gesture control technology by Lancaster

Are you finding your TV remote again? If you have to fight with your cushions to find out your TV remote, don’t worry, one day it will be a long-forgotten hassle. Researchers at the University of Lancaster have developed a technique that will allow anything in your house to become a TV remote – even your cat.

Lancaster University researchers have developed a technique in the UK that can interact the movement of the body or the movements of an object with the screen.
With just one webcam and “Matchpoint technology“, the user needs to match only the gesture motions on the screen with the icon and the moving object.

Unlike the existing gesture control technology, this software does not only recognize the body’s part or trained parts such as “Hand”, this technology only require a rotating movement of an object, it does not need any such software who have the prior knowledge about the objects.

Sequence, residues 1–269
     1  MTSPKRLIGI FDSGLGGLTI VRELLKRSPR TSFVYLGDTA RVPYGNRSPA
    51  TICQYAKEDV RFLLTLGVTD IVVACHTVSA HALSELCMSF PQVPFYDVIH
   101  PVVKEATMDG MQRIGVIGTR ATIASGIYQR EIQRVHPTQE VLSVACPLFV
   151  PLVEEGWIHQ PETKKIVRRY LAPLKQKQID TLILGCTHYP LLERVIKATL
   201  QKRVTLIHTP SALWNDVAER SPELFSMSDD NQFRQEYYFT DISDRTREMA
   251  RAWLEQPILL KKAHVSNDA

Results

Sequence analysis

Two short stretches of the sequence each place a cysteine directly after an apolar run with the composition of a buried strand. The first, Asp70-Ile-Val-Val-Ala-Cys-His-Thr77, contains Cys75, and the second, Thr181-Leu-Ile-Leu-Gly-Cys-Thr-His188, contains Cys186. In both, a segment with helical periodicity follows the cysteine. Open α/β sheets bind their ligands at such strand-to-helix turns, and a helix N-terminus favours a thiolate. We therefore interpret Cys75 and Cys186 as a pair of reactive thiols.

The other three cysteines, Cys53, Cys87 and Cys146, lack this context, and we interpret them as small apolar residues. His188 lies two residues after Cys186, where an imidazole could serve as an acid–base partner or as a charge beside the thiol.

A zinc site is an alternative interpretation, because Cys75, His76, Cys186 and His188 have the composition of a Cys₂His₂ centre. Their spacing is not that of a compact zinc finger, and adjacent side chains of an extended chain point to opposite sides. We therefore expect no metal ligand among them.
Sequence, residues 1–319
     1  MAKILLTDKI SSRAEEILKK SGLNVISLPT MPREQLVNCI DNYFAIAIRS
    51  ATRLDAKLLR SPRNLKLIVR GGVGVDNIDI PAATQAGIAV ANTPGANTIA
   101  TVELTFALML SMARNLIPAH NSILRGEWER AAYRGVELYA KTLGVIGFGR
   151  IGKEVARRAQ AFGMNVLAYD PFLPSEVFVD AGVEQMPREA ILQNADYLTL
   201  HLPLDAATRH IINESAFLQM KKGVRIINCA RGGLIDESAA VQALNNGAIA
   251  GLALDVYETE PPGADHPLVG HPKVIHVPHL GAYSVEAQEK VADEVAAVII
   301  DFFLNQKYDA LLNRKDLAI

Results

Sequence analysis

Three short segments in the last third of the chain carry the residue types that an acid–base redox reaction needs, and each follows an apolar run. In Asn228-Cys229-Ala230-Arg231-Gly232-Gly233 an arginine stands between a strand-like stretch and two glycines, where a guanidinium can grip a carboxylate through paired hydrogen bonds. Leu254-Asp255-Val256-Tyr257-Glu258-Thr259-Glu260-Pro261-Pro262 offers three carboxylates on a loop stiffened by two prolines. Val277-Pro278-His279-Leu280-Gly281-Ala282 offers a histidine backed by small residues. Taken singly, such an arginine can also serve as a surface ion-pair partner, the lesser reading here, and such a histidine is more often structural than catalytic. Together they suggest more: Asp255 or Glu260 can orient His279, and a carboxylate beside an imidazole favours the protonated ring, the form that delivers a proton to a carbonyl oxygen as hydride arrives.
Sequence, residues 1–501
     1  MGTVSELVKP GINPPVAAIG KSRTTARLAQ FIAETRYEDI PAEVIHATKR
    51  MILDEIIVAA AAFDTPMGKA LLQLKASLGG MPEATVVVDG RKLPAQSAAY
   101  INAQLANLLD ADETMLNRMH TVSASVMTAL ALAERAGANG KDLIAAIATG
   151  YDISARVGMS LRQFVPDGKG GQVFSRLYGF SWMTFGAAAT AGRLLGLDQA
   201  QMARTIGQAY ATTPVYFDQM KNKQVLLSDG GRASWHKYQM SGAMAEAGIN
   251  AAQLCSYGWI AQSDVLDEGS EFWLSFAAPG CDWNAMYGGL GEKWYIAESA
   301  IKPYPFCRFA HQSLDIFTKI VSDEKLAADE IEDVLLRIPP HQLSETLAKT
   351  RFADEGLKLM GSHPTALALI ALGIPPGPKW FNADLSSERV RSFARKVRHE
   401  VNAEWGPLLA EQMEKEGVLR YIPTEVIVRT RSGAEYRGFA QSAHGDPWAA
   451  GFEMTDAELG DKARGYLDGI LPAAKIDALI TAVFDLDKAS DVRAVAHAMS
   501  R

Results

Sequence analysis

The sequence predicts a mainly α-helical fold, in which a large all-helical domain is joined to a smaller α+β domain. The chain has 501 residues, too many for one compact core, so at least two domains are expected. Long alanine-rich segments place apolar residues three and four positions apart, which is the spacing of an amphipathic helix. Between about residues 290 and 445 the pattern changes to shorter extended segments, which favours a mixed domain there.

It provides more flexibility and ease for the user because it also works when your hand is full, or when you are standing or sliding on the couch.

Sliders appear when doing volume adjustment or channel selection. The user needs to moves their hands, head or object in the direction indicated by the slider to change the volume or to find the desired channel.

Similar to a TV, this technique can also be used with other screens. For example, YouTube tutorials, such as mending bikes or baking cakes, can be easily stopped and play on tablet computers.

Multiple pointers can be created for more than one users so they can do pictures drawings simultaneously on interactive whiteboards.

Matchpoint Technology lets users to manipulate images on the whiteboard by using hands to zoom out and zoom in.


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